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Wall Street shrugs off 'sequester': Why is it ignoring Washington this time?

The stock market, flirting with all-time highs, seems relatively unfazed by Washington's latest fiscal stalemate over the sequester. Here are six reasons for the new attitude.

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The gradual rolling out of cuts may well be a boon to the market, mitigating the blow for investors.

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Investors are still counting on a deal.

That gradual pace of cuts also gives lawmakers more time to hammer out some sort of deal that could mitigate or even overturn the cuts – a development many in Wall Street are counting on, analysts say. 

“Neither party wants the sequester cuts to take place in the current form, so I don't think you can rule out the cuts being overturned in the coming weeks or months,” says Housel of the Motley Fool.

“Investors are actually making the assumption that some other type of arrangement will be made ... some type of deal ... that softens the blow or changes the places where cuts are made,” Hogan adds.

In fact, as inflexible as the cuts appear, “policymakers have a variety of tools at their disposal that would allow them to delay or ameliorate the full impact of the budget tightening,” CBS News reports, adding that congressional Republicans are working on legislation that would give the government greater latitude in allocating cuts, potentially redirecting them toward less crucial functions within an agency.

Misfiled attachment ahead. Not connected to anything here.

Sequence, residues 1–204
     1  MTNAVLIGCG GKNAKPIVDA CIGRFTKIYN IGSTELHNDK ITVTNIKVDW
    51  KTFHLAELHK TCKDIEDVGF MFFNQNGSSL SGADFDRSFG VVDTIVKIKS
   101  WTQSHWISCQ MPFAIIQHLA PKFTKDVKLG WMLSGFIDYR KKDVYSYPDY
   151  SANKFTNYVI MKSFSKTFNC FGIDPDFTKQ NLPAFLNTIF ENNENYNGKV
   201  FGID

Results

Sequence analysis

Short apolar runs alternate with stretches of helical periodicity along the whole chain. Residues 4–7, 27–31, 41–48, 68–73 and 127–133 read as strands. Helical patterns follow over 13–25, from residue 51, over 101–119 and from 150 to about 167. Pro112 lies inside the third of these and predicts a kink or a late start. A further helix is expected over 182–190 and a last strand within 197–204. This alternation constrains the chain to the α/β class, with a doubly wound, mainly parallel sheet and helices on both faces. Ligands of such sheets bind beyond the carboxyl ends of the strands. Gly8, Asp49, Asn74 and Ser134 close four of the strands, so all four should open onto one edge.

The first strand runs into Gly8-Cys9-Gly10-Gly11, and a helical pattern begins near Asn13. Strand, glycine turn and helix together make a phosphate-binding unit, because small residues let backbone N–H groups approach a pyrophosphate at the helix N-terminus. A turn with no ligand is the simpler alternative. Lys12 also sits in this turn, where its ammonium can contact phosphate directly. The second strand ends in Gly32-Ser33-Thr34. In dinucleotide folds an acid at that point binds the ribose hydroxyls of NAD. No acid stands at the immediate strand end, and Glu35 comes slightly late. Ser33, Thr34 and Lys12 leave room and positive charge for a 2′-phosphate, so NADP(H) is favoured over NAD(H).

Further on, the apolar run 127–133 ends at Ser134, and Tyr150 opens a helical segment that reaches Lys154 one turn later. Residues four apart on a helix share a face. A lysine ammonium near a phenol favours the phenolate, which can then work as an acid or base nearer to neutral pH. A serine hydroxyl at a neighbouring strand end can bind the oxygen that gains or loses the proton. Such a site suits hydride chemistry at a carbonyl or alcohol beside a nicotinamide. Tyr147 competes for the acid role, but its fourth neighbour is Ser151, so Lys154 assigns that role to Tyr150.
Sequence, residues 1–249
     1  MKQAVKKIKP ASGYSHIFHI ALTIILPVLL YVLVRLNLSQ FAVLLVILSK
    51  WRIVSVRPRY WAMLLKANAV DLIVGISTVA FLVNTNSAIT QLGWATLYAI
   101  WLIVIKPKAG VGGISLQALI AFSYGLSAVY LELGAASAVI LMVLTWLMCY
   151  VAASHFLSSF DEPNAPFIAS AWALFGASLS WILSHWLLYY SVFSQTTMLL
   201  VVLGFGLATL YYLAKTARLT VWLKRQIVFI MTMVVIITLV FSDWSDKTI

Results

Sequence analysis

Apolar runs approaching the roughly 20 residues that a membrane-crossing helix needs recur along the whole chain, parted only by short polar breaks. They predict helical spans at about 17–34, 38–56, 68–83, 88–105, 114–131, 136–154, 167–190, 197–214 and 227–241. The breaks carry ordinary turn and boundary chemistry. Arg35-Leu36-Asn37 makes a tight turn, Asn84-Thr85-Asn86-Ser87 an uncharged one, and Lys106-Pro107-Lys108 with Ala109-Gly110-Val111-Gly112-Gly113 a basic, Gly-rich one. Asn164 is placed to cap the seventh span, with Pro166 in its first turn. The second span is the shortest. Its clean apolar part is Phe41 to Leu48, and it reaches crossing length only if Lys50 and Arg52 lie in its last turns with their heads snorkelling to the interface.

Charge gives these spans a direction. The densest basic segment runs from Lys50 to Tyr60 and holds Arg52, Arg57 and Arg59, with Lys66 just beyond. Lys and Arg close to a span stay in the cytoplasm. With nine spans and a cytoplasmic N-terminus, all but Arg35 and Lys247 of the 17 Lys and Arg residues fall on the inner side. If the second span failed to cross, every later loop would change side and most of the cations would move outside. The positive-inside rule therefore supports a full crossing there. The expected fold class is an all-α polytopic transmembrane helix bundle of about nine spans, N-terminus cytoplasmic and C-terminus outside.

In the grand scheme of things, the cuts are relatively small.

Deal or no deal, the cuts actually represent a relatively small percentage of federal spending. Too small, some analysts say, to do serious damage to the economy – or the stock market.

Consider this: This year’s entire slate of spending cuts – about $85 billion – are expected to shave only about half a percentage point off GDP growth.

The Federal Reserve, says Mr. Chandler of Brown Brothers Harriman, is currently buying about $85 billion worth of Treasury bonds and mortgage-backed securities every month.

“On the big scale of things, it’s not so much,” he says.

Wall Street is ignoring Washington’s drama.

Following the frenzy of the fiscal-cliff standoff late last year, Wall Street, like parents accustomed to their teen’s dramatics, is ignoring Washington’s antics.

“We're just continuing to desensitize,” Jim Paulsen, chief market strategist at Wells Capital Management, told CNBC. “How many times are you going to sell out on some kind of Armageddon story, only to watch the darn thing go to new highs?”

In other words, Housel says, Wall Street is Washington-wary.

“We've learned over the years to not pay too much attention to Washington battles,” he says.


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